|Some resources currently available in our research center|
We've been exploring maps and globes in my room lately. We've looked at maps, acquired a globe and began studying it, and asked our librarian for help finding books about maps. One thing I try to do is find ways that we can link our learning across instructional contexts, so when we were ready to begin a new interactive writing project, I asked the kids if they thought we might want to do something to remember what we've been learning during our map study.
They jumped at the chance, and eagerly began calling out suggestions for what we might do. "Hey, we need some stuff to make something," shouted C. above the others.
"What do you mean?" I asked.
"Well, like lots and lots of paper," he replied.
"Yeah, and maps--you can get us maps," added H.
Others chimed in, calling out what maps they thought we'd need.
"Wait," I laughed, "let's start a list--I can't remember all this!"
So we started our list. As we wrote, we put to use things we'd been learning about word parts during our word study time. Part way through our work on the list, the one of the kids suggested that maybe they could make groups and each work on one of the maps. Then we could put it all together to hang up for other people to see what we know about maps. While not exactly the direction I had in my head, I followed along. We could still do a lot of the learning I knew we needed while following their interests and plans for the project (after all, it is their project).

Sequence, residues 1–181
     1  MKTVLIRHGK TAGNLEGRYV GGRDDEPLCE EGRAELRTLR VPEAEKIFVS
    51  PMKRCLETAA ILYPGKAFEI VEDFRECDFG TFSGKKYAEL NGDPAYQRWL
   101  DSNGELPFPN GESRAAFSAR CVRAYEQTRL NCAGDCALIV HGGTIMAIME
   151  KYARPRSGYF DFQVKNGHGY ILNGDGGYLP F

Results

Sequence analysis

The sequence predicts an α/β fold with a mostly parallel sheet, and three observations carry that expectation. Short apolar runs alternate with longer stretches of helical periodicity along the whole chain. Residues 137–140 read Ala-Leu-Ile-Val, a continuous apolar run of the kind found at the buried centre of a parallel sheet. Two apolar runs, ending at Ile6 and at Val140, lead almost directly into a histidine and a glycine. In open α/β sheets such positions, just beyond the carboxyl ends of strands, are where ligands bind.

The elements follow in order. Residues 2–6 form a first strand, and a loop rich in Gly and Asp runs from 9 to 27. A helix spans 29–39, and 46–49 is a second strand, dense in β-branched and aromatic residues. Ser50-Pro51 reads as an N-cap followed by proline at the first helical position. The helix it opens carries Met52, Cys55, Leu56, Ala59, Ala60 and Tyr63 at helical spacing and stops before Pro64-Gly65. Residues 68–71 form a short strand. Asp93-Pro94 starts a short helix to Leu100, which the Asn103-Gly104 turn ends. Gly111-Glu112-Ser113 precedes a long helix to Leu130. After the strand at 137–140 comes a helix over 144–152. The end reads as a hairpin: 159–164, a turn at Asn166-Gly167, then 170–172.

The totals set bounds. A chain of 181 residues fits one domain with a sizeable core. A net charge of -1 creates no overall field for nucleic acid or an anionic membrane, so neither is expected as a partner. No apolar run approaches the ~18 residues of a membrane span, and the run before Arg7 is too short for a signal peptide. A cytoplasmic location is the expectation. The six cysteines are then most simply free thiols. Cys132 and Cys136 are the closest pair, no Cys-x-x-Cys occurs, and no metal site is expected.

They proceeded to direct me to make sign up sheets so they could choose groups. We used part of our math time to figure out how many kids each group would have--I put the question to them as a research question, and they had it figured out in about 10 minutes. When we started to talk about the work they'd do in groups, J. and E. had thoughts about what information the groups should include. One was that they should use our "important words"--our academic vocabulary that relates to our map study.
The kids are ready to begin their group work tomorrow. I'm not sure exactly how it will go, but I do know that we'll be revisiting and solidifying our knowledge of the academic vocabulary for this topic. I know that we'll integrate our phonics learning into what we do. I know that we'll use the table of contents to find the information we need in books, and we will study captions so that we know how to make our own.
I am able to follow the kids' lead in terms of their interests or their ideas for projects because I know some things. I know our learning goals. I know the strengths and needs of my kids. And knowing those things well allows me to teach the kids what they need even if I'm following their lead. No matter what project they'd have come up with--even if they had gone with another topic--I would have been ready to connect our work to the teaching and learning in other parts of our day. It's all part of following their lead, but with a plan in mind.